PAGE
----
Jimmy Gronen was dozing in front of the TV 40 years ago when he heard the words that shook his young world.
“Walter [Cronkite], the most trusted man in America, appeared and said, ‘Well, ladies and gentlemen, there is one boy in America unhappier than Richard Nixon this evening, and it’s little Jimmy Gronen,’ ” he recalled in a recent interview.
So marked the beginning of the end of Gronen’s 1973 triumph at the All-American Soap Box Derby in Akron.
“Is nothing sacred any more? Is there no area of American life beyond taint?” inquired a plaintive Time Magazine.
“It’s like discovering that your Ivory Snow girl has made a blue movie,” Akron prosecutor Stephen Gabalac said at the time.
August 1973 was a time of turmoil for both Gronen, 14, and the 36th All-American Soap Box Derby, the international youth gravity race held at Akron’s Derby Downs.
A new day had dawned. The year before, Chevy had withdrawn its lavish sponsorship — up to $800,000 a year — and turned the race over to the Akron Chamber of Commerce, which hadn’t been able to nail down a sponsor.
Gronen was in the midst of his own crisis. His father had died, his mother was hospitalized at the Mayo Clinic, his brother was living on the West Coast and he was staying in Boulder, Colo., with his uncle, ski boot manufacturer Robert Lange, and his family.
Derby racing was huge with Lange. His son, Bobby, had won the championship the previous year. The senior Lange was eager to repeat the victory with his nephew.
But “the Soap Box Derby wasn’t my thing. It was never my thing,” Gronen said.
At the last minute and somewhat reluctantly, he remembers saying yes to participating — and the rest was history.
He said he built his own car — one of the few derby racers to actually do so, he maintains. He implanted an electromagnet in the nose of his gold and green racer on the advice of his uncle. When he pressed his head back into the headrest, wiring connected to the magnet gave him a little boost past the steel starting gate.
The scam quickly unraveled, however.
Bob Troyer, then in his first year as the race’s public relations chairman, remembers that onlookers started to question Gronen’s performance almost immediately. They brought photos of the race start to officials that showed Gronen’s car jumping slightly ahead of the others.
Suspicious derby officials carted Gronen’s vehicle to what was then the Goodyear Airdock for X-rays, then held a news conference at which they sliced the car apart for dramatic effect.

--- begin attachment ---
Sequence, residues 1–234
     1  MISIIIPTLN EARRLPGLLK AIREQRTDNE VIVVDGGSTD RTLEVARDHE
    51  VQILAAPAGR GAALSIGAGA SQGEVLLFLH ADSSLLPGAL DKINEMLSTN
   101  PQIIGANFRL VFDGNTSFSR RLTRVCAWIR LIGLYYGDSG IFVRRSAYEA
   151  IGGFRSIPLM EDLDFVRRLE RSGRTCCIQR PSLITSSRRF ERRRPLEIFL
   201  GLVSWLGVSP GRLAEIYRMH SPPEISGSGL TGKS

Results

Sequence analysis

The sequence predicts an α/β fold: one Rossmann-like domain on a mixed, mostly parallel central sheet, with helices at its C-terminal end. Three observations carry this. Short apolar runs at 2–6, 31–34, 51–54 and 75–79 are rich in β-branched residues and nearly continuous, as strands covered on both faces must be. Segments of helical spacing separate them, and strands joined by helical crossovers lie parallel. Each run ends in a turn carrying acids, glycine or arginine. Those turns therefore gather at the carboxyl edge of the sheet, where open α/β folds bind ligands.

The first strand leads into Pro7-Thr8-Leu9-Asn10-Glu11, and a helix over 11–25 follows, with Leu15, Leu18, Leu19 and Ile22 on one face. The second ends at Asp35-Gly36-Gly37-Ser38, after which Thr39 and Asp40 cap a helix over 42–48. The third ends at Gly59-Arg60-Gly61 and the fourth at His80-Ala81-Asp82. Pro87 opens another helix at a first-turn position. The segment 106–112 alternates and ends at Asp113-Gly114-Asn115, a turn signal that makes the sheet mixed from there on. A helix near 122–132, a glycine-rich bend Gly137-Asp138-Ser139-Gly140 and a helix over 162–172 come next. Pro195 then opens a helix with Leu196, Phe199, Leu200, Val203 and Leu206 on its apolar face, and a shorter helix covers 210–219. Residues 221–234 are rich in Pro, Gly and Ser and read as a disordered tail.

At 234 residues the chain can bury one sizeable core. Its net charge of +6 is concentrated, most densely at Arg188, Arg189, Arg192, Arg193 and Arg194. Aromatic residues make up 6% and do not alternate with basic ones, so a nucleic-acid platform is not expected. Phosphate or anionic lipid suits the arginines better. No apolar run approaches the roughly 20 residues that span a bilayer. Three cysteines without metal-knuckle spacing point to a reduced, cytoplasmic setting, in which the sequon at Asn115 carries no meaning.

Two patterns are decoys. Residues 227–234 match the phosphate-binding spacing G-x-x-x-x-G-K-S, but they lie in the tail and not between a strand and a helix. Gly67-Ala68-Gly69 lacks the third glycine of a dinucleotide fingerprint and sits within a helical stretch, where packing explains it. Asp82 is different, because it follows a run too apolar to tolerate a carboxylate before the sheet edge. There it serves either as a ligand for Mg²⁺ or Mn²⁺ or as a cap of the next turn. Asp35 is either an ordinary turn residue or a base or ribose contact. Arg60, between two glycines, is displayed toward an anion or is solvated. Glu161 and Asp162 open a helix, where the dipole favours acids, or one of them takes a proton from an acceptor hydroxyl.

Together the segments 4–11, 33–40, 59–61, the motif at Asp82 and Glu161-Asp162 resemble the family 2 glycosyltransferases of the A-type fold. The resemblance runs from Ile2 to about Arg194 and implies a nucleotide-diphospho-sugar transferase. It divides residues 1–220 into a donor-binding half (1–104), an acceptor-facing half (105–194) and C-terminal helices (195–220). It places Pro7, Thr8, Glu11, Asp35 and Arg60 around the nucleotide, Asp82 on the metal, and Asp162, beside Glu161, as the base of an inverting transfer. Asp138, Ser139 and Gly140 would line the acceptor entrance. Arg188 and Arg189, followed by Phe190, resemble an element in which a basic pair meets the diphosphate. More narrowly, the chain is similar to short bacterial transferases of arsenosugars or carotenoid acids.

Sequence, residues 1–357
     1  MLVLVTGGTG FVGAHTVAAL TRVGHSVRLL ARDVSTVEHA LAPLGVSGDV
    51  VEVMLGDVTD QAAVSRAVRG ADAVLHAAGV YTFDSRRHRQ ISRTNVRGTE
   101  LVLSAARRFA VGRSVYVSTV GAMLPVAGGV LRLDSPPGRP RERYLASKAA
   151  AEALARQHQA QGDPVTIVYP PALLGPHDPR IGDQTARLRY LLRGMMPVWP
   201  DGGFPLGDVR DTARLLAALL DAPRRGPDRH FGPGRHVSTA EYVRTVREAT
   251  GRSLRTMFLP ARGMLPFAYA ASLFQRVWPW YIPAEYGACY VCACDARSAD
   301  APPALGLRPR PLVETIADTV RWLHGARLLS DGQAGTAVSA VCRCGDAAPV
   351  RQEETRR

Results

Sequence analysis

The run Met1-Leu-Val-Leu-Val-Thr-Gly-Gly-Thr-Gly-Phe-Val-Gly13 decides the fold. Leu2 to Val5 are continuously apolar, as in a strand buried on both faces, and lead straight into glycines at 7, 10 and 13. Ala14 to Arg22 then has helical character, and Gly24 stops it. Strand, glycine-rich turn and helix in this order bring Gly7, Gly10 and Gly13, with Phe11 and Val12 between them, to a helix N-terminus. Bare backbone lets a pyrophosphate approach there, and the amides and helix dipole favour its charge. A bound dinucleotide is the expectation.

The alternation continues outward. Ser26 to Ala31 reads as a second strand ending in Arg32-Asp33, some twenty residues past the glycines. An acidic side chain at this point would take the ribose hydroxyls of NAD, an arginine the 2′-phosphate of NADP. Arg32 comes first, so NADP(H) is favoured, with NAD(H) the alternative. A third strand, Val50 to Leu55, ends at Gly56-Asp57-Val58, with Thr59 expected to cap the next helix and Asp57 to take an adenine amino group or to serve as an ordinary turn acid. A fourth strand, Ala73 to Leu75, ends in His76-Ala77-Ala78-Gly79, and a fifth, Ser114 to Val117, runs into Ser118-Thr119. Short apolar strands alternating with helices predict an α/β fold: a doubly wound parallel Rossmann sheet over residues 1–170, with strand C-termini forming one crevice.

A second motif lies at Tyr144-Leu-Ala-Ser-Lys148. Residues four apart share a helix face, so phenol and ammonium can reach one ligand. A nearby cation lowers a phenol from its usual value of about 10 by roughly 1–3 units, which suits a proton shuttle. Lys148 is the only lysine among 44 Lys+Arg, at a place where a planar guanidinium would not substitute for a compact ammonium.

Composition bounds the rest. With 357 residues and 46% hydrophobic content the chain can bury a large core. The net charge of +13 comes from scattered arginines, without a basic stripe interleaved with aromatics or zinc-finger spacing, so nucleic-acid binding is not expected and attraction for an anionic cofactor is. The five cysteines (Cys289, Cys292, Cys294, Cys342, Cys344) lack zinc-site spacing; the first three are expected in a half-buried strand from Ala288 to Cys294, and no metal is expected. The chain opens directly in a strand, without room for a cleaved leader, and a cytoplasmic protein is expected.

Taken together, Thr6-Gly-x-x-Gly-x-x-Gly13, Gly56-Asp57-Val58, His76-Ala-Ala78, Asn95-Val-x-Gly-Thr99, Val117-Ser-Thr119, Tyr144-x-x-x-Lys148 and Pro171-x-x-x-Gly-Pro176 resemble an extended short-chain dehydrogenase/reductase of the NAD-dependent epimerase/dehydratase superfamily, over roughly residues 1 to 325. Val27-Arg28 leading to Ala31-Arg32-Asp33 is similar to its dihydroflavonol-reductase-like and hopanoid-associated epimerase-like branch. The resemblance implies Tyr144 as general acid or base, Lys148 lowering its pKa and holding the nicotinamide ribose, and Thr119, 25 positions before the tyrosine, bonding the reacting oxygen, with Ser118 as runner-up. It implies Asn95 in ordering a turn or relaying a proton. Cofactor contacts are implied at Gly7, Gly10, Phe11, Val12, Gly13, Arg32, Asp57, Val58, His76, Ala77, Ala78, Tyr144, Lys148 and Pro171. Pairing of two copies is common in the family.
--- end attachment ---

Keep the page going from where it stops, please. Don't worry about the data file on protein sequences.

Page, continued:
Gronen and Lange acknowledged what they had done, but maintained that many racers also bent rules.
“Anybody participating in derby races with eyes and ears would soon learn, as I did, that .... the Derby rules have been consistently and notoriously violated by some participants without censure or disqualifications,” Lange wrote to the Boulder Jaycees, sponsor of the Colorado race that sent Gronen to the All-American.
Gronen echoed that in the book, Champions, Cheaters and Childhood Dreams: Memories of the Soap Box Derby, written by Melanie Payne, a former Beacon Journal business reporter.
“It’s not like the Soap Box Derby at this time was this pristine, pure thing and then my year came along and it was transformed by my corrupt act,” Gronen said in the 2003 book. “The derby was corrupt before we arrived.”
In fact, cheating was common at the derby in those days, especially from about 1965 to 1975, said Jeff Iula, unofficial derby historian and former derby official who now is a Cuyahoga Falls councilman.
“They didn’t inspect the cars nearly as close as they do today. And you only had to buy the wheels and axles from the derby,” he said. Today’s racers are required to purchase the whole kit to assemble the car.
Iula said he has heard that race cars were rigged with weights and special wheels, that professionals built cars, that magnets were used as early as the 1950s.
“It was Watergate on wheels,” he said, referring to the Nixon saga that was unfolding on the national stage at the same time as the derby cheating scandal.
Troyer, the longtime race spokesman, said he did not know what happened when Chevy ran the race. He said he had no firsthand knowledge of cheating before Gronen.
“It was a fine American program that had never had issues like this before,” he said. “It was a sad and disappointing day.”